MGM argued that businesses centered on infringement should not be seen as engaged in “substantially unrelated areas of commerce” as required by the Betamax test. Several Justices questioned whether this reading would make it too easy for copyright holders to intimidate creators of new technologies. Justice Breyer wondered whether the creators of the iPod, the VCR, or the Guttenberg press would have feared liability under such a test, Justice Scalia asked whether new technologies would need to be given a decade or more to prove their non-infringing uses before such a standard could be applied, and Justice Souter worried about the fate of lone innovators without access to expensive legal guidance (the “guy in his garage”). Clearly, Grokster’s council and amici have done a commendable job explaining these issues to the Court, and I’m relived to say that the worst-case outcomes, such as a complete replacement of the bright line protections for innovation afforded by the Betamax test, no longer seem likely.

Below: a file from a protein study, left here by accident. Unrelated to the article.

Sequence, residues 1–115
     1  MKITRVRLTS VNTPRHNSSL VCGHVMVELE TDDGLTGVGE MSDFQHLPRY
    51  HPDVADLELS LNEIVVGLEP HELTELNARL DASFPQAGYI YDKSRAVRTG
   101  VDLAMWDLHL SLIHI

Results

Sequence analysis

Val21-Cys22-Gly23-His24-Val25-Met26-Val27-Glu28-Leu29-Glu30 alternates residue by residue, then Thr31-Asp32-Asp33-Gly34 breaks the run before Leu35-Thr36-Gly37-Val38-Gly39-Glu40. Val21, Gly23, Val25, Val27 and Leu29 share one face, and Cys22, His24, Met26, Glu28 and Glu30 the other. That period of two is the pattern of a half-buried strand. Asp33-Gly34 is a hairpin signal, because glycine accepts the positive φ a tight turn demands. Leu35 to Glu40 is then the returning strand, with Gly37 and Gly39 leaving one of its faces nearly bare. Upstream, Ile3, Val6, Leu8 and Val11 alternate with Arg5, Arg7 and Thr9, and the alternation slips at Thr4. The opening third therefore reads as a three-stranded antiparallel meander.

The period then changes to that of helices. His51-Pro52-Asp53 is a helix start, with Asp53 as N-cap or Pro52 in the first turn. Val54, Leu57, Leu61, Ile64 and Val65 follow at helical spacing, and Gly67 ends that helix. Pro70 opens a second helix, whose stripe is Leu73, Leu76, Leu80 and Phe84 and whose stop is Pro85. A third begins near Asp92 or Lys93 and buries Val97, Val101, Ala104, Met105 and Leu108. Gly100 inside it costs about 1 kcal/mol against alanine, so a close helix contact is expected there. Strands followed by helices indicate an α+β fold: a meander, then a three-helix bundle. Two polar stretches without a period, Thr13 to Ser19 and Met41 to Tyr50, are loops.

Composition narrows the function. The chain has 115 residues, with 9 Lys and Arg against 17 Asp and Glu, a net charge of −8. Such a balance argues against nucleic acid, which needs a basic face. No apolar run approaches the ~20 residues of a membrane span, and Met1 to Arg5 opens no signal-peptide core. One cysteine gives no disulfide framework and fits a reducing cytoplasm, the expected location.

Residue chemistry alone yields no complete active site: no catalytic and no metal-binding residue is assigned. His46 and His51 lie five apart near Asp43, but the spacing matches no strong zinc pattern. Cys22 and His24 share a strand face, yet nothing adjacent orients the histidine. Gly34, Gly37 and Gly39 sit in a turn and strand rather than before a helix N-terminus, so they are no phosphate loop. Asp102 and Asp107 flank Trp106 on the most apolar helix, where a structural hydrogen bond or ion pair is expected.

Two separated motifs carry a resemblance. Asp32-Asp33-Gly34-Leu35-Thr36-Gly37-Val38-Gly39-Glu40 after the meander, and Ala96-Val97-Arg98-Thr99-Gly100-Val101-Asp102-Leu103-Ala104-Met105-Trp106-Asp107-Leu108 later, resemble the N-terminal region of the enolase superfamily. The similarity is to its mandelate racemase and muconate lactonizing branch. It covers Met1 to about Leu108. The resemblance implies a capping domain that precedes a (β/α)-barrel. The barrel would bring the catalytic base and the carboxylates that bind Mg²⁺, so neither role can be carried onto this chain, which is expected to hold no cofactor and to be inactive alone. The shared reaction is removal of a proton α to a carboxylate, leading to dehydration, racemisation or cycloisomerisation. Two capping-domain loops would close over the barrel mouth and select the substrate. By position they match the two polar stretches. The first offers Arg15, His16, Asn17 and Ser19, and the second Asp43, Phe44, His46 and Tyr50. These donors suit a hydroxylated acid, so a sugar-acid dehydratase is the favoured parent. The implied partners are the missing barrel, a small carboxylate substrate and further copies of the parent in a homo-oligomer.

On the other hand, some of the Justices were no more receptive to Grokster’s interpretation of the Betamax defense, under which products “merely capable of substantial non-infringing use” would not be subject to liability. Justice Ginsberg called this an overly simplistic reading of Sony and pointed out that the decision continues for 13 pages of nuanced discussion after the phrase cited by Grokster. She also emphasized differences between Grokster’s product and the Betamax: the primary use of the Betamax was found to be non-infringing, but the district court in the present case established that at least 90% of Grokster’s traffic infringed.